School meals may cost more this fall under a proposal to add 5 cents to the price of student meals at secondary schools and adult meals at any school. The School Board on Wednesday will consider the price change, which would increase meals from $1.50 to $1.55. Meal prices have not increased since 1988, but salaries, fringe benefits and food costs have gone up, Pinellas County School Superintendent Howard Hinesley said.Hinesley rates a 4
on scale of 1 to 5
Pinellas County School Superintendent Howard Hinesley rated a 4.07 rating on a scale of 5.0 from the School Board for his first six months in office. Board members recently evaluated Hinesley on things such as relationship with board, community relations, personal attributes, management and leadership. His highest average rating, a 4.9, came for his "sound fiscal management of the school district." His lowest average rating, 3.6, was for "evaluation of professional and supporting services staff using objective evaluation criteria," and "providing promotional opportunity for competent employees."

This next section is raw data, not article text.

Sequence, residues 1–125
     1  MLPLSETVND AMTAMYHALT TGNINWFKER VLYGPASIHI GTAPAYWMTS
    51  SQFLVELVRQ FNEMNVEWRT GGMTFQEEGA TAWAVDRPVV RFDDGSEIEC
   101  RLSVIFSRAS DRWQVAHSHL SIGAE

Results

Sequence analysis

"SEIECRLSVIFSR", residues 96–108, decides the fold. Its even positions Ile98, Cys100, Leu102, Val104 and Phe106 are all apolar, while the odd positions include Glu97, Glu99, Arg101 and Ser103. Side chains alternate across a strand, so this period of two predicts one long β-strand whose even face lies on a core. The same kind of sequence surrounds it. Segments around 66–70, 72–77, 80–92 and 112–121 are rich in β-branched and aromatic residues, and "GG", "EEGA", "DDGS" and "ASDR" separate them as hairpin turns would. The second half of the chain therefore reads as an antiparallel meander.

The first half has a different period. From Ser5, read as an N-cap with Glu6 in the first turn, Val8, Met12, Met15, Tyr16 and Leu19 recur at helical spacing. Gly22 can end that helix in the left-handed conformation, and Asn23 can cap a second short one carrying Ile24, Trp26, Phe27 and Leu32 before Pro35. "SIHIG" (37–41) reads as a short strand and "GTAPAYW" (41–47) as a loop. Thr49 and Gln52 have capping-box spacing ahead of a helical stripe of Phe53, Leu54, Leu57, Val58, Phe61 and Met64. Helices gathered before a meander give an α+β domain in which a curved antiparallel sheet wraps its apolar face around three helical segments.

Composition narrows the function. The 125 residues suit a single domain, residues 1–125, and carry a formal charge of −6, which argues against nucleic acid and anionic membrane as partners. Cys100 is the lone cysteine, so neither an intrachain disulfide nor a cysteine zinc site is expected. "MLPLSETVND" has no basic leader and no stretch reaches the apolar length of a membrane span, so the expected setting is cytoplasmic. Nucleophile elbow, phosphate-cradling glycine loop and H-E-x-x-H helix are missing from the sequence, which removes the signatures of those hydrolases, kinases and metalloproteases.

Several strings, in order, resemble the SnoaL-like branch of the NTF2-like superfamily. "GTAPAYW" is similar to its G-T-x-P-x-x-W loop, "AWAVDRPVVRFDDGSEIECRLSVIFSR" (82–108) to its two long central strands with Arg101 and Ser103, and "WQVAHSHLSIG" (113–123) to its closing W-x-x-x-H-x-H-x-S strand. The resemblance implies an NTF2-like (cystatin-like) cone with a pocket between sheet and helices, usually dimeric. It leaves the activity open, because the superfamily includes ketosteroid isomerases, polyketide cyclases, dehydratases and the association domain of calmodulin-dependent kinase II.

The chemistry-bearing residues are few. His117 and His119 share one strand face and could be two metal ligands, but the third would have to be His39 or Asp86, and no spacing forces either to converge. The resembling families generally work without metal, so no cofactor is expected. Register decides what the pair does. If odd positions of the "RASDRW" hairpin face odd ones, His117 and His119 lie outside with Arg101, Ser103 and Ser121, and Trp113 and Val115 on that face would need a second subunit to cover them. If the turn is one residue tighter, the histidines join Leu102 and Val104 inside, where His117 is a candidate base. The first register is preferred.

may get raises
Pinellas County school administrators may see their paychecks increase anywhere from 0.6 percent to 1.8 percent under a proposal going before the School Board on Wednesday. The percentage increases are comparable to those that have been offered to full-time teachers. Current administrative salaries range from $27,180 to $86,196.
Publications may face
Non-school material such as religious or political publications that students want to disseminate at school must be submitted to a principal for approval at least 72 hours before distribution under a proposal that the School Board will consider Wednesday. Principals also could limit distribution to certain times and places on campus but allow distribution from a central location at least once a week for 15 minutes while students are on campus. Principals could deny students permission to distribute material for reasons such as a conflict with school events, profanity, vulgarity or that it denigrates a group of people. Superintendent Howard Hinesley said principals requested the rules after a dispute between a principal and Tarpon Springs High students last fall over the distribution of a Christian newspaper.